According to Vygotsky and sociocultural theory, the human mind is mediated by symbolic tools, the most important of which is language [14]. Therefore, for Vygotsky, mediation is the use of symbolic tools in order to organize and control mental processes such as voluntary attention, problem-solving, planning and evaluation, memory and intentional learning [15] or to establish a relationship with others and with ourselves [14]. Language can be used to help learners move into their zone of proximal development [ZPD], that is to the layer of skill or knowledge which is beyond the learner’s abilities [13].

Bruner expanded on Vygotsky and used the concept of ‘scaffolding’ to refer to this idea of a teacher or an adult supporting a child through dialog so that the child can carry out a difficult task [16]. Scaffolding can be done by checking what the students know and what they can do first and then by incorporating what they know and say into the discourse in order to move to the next level [16].

Mercer (1995) points out that in the scaffolding process both the teacher and the learner are actively involved in the construction of knowledge [16]. Therefore, the difference between the idea of mediating and the traditional idea of teaching as disseminating information is that mediation is concerned with empowering learners and helping them to acquire the skills that they need in order to learn more, to solve problems and become autonomous learners and independent thinkers [13]. Mediation, according to Feuerstein also involves sharing, co-operation among learners but also arecognition of their own individuality and uniqueness [13].

Co-operation among learners can take place with collaborative dialog which, according to Swain (2000) is ‘problem-solving’ and ‘knowledge building’ dialog [17]. ‘Through saying and reflecting on what was said new knowledge is constructed’ [17]. Mercer (1995) also claims that collaborative learning is very important because explaining something to a friend and arguing with someone helps you improve and revise your understanding [13].

Both Williams and Burden (1997) and Mercer (1995) argue that co-operation and sharing are ways of interacting that need to be taught to learners [13, 16]. According to Mercer (1995) learners should not be expected to make the rules they are expected to follow themselves. They need to know the rules, the rationale and principles of a collaborative activity [16].

1.3 Examples of the use of mediation/scaffolding in the literature

Beynon (2004) used the idea of mediation with non- reading adolescents in a multilingual and multicultural class of English as a second language in Johannesburg [18]. Beynon (2004) used the Multiliteracies approach to help these adolescents read. This is a way of mediating literacy by using a range of modalities - written and spoken language, sound, images, gestures and action - in order to make it accessible for each learner. Beynon (2004) argues that this approach allows both the teacher and the learner to be actively involved in the learning process and the construction of meaning. According to this approach, the teacher also ‘mediates’ her practice, adapts the curriculum and her instruction to meet the needs of each child and she takes into account the pedagogic history of each child. The students form collaborative groups in which the stronger students help the weaker. The students have to retell a story using their preferred modality, acting it out in small collaborative groups or drawing and painting it on paper and then they move on to learning to read the words they met in the story by using flashcards, games, dough. The fact that they have already met and acted out the words they try to read on flashcards and in the text of the story gives them meaning and a purpose for reading [18].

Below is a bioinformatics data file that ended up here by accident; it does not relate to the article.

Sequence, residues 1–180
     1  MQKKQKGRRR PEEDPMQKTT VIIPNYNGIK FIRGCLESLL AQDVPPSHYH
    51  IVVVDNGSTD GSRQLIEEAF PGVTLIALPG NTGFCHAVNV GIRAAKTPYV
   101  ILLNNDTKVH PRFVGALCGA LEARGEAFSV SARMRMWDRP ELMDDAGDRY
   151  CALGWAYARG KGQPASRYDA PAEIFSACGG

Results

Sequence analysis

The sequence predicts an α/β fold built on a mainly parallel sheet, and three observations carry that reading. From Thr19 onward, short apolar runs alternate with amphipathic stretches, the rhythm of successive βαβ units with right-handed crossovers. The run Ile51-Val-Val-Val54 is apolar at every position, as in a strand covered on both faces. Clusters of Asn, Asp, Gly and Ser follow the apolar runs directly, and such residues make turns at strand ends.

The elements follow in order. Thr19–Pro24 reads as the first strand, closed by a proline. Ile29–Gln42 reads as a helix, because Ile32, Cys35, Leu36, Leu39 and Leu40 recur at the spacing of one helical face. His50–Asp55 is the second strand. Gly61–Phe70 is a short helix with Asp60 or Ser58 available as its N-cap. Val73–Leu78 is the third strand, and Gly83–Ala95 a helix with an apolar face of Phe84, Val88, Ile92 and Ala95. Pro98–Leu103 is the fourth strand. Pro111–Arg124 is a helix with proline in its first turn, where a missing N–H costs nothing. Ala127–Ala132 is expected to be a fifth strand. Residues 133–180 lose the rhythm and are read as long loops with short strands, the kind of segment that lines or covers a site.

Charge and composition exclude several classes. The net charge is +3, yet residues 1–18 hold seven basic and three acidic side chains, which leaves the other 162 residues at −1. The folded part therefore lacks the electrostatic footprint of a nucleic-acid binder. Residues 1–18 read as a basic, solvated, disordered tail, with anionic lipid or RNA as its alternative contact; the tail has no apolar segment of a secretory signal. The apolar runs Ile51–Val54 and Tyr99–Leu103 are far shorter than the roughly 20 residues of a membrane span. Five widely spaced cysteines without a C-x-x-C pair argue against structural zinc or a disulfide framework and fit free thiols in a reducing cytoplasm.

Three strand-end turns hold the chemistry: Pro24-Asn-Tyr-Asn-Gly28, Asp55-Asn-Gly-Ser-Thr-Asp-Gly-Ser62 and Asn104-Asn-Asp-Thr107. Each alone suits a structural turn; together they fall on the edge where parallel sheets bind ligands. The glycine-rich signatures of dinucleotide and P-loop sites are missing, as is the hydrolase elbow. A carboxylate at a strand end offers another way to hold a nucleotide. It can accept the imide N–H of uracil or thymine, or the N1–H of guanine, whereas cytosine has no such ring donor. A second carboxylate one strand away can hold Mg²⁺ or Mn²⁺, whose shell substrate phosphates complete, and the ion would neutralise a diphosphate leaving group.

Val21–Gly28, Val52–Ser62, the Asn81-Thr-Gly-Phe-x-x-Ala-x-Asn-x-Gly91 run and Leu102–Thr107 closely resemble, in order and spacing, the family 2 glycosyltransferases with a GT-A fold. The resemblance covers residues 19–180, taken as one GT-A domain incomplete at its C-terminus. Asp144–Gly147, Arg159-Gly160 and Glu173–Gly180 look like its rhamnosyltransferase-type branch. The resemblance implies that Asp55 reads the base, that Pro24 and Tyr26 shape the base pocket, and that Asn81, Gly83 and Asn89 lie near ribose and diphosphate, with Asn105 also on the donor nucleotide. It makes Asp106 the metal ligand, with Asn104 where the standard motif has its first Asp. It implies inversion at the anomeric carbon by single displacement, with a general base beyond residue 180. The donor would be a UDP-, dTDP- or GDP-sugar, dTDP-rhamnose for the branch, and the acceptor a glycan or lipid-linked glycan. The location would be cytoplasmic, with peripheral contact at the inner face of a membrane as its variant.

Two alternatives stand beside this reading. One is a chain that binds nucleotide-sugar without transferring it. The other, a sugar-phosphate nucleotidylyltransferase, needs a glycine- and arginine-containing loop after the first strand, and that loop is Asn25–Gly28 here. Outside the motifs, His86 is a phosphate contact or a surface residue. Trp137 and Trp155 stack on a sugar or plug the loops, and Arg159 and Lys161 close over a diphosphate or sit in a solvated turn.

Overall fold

Donato’s (1998) study addresses the role of collective scaffolding in the learning of French. Participants’ knowledge of language such as the compound past tense formation of reflective verbs in French has been acquired through the process of collective scaffolding by all the participants [19]. Both Ohta (2000) and Swain (2000) also investigated the usefulness of collaborative dialog between adult learners of a foreign and a second language [17, 20]. Ohta (2000) found out that the collaboration and sensitive assistance from another learner can help a language learner become more independent and is useful for the internalization of L2 grammar while Swain’s (2000) study has shown that it is useful for learning strategic processes as well as grammar [17, 20]. It would be interesting to investigate whether this can work with L2 learners.

De Guerrero and Villamil (2012) have also investigated peer revision scaffolding in an ESL writing classroom using qualitative methods and analyzing the interaction. The study showed that both students can be active partners and provide mutual scaffolding to each other [21].